FSU’s Professor Hu embarks on new study of whether Bright Futures “works” (Hint: it would if the eligibility requirements included more math and science)
The Miami Herald published an article last week announcing that FSU Higher Ed Professor Shouping Hu has received a $780,000 grant to study whether Bright Futures scholarships “work.”
“It’s time to assess the program so people can talk from some evidence rather than just talking for the purpose of making political arguments,” Hu said.
He plans to use state data to track what happens to individual students who receive Bright Futures as well as those who don’t. For example, he wants to know whether a student with a 3.0 grade-point average and a Bright Futures scholarship will perform better in college than one who has a 2.9 GPA and is ineligible for the award. He also wants to see whether the scholarships benefit certain racial groups more than others.
“In higher education, studies almost always show that the same programs tend to have a very different effect for students of different characteristics,” he said.
Hu will look at factors such as college admission, retention and graduation for students. He said he would have access to individual student data, but not names, and he does not plan to interview students.
State Senator Evelyn Lynn, who has controlled the higher ed appropriations process in her chamber for several years, expressed skepticism that the study would provide any useful information:
State Sen. Evelyn Lynn, R-Ormond Beach, chairwoman of the Senate Higher Education Appropriations Committee, said she was not sure the study would shed any new light on the program. The state’s Office of Program Policy Analysis and Government Accountability reviewed the issue in 2003 and determined Bright Futures was effective, she said.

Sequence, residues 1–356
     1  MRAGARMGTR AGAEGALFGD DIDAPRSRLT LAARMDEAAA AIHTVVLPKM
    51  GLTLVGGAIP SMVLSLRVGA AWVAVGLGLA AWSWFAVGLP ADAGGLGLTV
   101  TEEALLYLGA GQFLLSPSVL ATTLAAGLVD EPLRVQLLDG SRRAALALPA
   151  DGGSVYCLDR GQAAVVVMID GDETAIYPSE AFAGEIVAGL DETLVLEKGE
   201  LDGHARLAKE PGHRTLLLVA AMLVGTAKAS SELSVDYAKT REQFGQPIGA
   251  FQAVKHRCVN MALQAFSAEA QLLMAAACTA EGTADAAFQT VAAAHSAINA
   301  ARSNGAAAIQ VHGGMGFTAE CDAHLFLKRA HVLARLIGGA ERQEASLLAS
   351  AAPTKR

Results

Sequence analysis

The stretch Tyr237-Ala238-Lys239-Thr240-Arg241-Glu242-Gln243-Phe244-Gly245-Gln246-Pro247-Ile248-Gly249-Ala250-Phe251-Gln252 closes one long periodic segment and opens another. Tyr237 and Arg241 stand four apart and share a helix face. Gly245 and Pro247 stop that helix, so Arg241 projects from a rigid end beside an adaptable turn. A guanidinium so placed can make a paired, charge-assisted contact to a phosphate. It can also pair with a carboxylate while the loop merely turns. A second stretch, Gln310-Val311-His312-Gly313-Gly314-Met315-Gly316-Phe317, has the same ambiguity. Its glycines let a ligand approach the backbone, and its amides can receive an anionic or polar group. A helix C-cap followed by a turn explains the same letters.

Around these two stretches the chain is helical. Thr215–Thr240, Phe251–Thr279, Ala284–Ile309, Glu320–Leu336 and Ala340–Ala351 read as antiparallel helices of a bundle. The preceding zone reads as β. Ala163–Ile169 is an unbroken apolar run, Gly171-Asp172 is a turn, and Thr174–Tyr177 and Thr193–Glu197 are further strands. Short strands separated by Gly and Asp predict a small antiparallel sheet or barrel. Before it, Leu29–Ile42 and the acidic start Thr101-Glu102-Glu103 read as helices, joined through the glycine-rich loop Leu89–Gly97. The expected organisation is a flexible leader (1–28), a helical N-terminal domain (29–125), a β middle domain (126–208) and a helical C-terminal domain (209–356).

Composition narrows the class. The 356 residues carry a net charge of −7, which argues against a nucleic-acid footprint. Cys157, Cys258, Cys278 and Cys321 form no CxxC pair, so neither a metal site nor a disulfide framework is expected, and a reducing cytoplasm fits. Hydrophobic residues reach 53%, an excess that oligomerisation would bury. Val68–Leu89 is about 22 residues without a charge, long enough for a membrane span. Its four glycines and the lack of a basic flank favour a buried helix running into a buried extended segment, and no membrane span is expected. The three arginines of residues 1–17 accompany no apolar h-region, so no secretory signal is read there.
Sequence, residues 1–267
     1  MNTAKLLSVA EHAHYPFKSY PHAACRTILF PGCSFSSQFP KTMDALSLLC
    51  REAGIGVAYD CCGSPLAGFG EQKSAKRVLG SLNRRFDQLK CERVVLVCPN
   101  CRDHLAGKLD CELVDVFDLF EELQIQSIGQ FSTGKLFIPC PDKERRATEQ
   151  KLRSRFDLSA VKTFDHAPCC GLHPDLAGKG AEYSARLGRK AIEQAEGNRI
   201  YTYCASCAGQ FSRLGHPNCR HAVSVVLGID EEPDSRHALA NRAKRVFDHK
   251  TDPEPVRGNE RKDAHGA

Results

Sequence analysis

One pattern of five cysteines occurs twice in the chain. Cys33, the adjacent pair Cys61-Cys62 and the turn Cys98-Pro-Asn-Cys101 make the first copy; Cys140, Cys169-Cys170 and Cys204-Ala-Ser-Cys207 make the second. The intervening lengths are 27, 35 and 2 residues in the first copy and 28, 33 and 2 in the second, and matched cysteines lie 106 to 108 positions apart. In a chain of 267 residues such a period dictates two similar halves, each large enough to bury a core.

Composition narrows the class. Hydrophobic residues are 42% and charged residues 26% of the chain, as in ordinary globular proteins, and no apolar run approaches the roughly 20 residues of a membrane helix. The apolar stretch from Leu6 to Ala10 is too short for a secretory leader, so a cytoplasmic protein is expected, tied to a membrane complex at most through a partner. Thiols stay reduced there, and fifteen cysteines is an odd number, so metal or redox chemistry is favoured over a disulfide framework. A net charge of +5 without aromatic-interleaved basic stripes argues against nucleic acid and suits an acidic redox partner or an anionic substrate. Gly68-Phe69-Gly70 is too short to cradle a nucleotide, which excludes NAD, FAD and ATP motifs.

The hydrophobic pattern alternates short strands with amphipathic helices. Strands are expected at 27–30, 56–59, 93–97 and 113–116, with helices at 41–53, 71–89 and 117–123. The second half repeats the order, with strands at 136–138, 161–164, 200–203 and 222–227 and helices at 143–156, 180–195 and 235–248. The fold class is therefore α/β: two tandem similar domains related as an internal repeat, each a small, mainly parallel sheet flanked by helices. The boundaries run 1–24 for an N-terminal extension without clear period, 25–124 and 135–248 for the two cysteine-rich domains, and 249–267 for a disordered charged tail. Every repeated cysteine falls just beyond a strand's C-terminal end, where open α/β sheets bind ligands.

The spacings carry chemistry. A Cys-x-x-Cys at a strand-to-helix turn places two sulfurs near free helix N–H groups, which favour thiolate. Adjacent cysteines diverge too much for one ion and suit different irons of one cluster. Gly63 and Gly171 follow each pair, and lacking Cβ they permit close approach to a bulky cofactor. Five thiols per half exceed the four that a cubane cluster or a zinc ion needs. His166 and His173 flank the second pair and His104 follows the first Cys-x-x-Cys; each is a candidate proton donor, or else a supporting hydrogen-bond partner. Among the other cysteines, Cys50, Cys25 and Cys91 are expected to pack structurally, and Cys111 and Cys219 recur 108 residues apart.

That study found the state’s high school graduates are better-prepared academically and that more are going to college, with the largest gains among minority students. A subsequent study found most Bright Futures recipients perform well and remain enrolled in college.
“It sounds to me like we’ve looked at a lot of this already,” Lynn said.
Of course, one has to decide what one wants to accomplish with Bright Futures, and with the state’s university system in general. If educating more strong scientists and engineers is a high priority, then here is what you do: Require precalculus and a complete science program (biology, chemistry and physics) for Bright Futures eligibility. If we did this, then Shouping would have something worthwhile to look at with all that money. And I’m pretty sure I know what he’d find – more students graduating with bachelors’ degrees in the physical sciences and engineering, which is what our state needs the most (and where the highest starting salaries for new graduates are).Explore posts in the same categories: Uncategorized